Despite toppling a Champions League semi-finalist in PSG, though, as a coach untried outside of what is widely regarded to be among the weakest of Europe’s big five leagues, Galtier would represent a certain degree of risk for Everton. That lack of elite-level pedigree from a country not renowned for producing managerial greats would require a leap of faith to an extent that Moshiri and Brands might find uncomfortable at this stage of their “project”, with the need for tangible progress all the more acute.
And yet even though he lacks genuine Premier League experience (he had a brief spell as Alain Perrin's assistant at Portsmouth many moons ago), he is eminently more qualified than Silva or even Moyes were and arguably more so than Martinez at the time. When stacked up against the other candidates currently being linked with the club’s vacancy — “exciting” names like Benitez, Howe, Espirito Santo and Moyes — he at least offers something different; something new.
It seems more and more like every appointment is a roll of the dice and with the Blues needing a sense of identity, a steel-eyed motivator and, perhaps, a coach rather than a manager more than anything right now, someone like a Galtier or Erik Ten Hag — managers with relative youth on their side, a visible ethos and hunger to succeed — feels a good deal more attractive than the tired old options looking to revive a flagging career currently being wheeled out by the UK media and betting firms.
Ultimately, the biggest risk in appointing someone without established Premier League credentials and with Galtier’s specific skillset and preferred way of playing might lie in a failure to bring in the right kinds of players but recruitment will be crucual whichever coach Everton appoint. Having worked with Campos to bring through younger, up-and-coming talent, a model which many fans feel Everton should strongly adopt again after the departure towards older talent under Ancelotti, Galtier has the look of someone who could mesh nicely with Brands’s modus operandi and overall vision for the club’s future.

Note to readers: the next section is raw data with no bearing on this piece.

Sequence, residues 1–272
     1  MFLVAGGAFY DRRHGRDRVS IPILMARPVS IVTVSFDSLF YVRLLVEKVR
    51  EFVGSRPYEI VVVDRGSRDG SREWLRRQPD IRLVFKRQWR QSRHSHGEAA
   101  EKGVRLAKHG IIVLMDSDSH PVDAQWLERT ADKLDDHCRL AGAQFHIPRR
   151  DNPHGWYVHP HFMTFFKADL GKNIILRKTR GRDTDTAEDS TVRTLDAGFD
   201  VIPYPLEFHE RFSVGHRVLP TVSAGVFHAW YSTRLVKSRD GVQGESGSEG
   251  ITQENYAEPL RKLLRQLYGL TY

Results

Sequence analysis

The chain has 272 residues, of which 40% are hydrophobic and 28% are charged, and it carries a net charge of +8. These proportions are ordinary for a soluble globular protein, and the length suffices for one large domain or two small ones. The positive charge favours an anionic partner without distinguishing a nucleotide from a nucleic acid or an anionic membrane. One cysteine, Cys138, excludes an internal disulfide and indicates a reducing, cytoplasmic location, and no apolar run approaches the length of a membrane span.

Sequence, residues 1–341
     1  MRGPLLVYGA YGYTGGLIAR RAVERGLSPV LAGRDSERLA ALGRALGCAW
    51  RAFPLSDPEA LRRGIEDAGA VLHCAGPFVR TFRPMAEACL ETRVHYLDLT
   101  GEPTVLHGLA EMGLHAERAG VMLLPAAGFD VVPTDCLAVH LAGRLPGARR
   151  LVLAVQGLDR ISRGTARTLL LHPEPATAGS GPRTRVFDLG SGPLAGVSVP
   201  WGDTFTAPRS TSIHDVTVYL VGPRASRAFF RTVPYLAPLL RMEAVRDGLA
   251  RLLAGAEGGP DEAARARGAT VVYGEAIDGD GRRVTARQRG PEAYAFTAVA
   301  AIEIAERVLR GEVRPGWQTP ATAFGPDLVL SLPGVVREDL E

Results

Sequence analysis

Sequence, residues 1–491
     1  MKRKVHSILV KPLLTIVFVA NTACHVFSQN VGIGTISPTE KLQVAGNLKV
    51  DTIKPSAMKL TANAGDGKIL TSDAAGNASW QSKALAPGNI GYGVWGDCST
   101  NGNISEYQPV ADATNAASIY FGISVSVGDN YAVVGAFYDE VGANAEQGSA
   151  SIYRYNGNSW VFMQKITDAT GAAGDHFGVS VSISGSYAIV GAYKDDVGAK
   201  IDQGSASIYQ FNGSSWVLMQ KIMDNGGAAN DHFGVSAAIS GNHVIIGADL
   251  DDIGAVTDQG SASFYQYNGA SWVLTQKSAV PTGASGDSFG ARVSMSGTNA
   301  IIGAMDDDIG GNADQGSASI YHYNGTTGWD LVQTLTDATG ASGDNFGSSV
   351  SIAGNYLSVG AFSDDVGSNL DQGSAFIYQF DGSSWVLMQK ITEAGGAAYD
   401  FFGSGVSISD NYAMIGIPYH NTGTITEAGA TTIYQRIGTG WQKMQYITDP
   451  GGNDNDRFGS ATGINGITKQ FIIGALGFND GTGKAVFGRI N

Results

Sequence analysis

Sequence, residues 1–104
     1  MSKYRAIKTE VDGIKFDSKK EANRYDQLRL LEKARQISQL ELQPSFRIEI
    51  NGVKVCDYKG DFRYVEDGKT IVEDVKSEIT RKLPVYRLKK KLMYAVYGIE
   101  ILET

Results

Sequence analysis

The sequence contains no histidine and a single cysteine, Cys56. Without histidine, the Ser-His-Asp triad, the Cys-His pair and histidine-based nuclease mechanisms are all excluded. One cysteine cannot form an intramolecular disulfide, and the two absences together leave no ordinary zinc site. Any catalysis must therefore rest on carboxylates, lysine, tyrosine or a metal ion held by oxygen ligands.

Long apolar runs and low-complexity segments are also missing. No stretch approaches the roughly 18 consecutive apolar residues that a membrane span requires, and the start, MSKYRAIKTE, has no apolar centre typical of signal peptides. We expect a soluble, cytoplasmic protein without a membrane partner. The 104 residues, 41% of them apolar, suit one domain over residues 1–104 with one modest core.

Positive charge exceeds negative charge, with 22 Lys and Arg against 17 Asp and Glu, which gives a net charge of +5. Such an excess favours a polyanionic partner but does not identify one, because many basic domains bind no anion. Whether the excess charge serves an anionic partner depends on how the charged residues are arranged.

Reader Comments (113)
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1 Posted 10/06/2021 at 07:12:32
2 Posted 10/06/2021 at 07:23:45
Quite what he'd make of our squad I'm not sure. But it sounds like he'd let Brands sort it out without interfering. That's a big plus for me.
3 Posted 10/06/2021 at 07:28:36
In Galtier's case, though, it's hard to come up with a negative other than he has no real Premier League experience (which is potentially huge but didn't stop the likes of Pochettino or Wenger) and that France's track record for top coaches isn't great (which is no reason to discount anyone, in my opinion). He's done well at both clubs he's managed, won trophies and succeeded despite significant disruption to his squad from year to year.
Nice want him, Napoli were interested so worth a look, I would say.
4 Posted 10/06/2021 at 07:32:54
Yesterday I stated that most french managers ie Le Guen, Perrin, Garde, Puel etcâ€¦.had flopped in the premier league (apart from Wenger who's a bit German) and it's a big risk and I got a bit of flak for it. But perhaps this guy can break the mould. We'll probably get Benitez now.
5 Posted 10/06/2021 at 07:51:50
He sounds exactly the guy that Moshiri should of brought in 5 years ago.
6 Posted 10/06/2021 at 08:26:59
Lyndon has done a good job of selling the Frenchman but as Colin pointed out, quite rightly, most French managers have flopped in the Premier League.
If these are the genuine contenters for the manager's job it will interesting to see who wins out. If it is Galtier, it will be Brands's last chance to justify his large salary as an effective DOF, because he's record so far has been pretty poor, despite being so successful in Europe.
7 Posted 10/06/2021 at 08:45:02
The guy's record speaks for itself. I like the energy that Lille play with, and their record in terms of buying and selling is really good. We could definitely use some of that at Everton. He clearly meets a lot of our criteria. But so does Ten Hag of Ajax.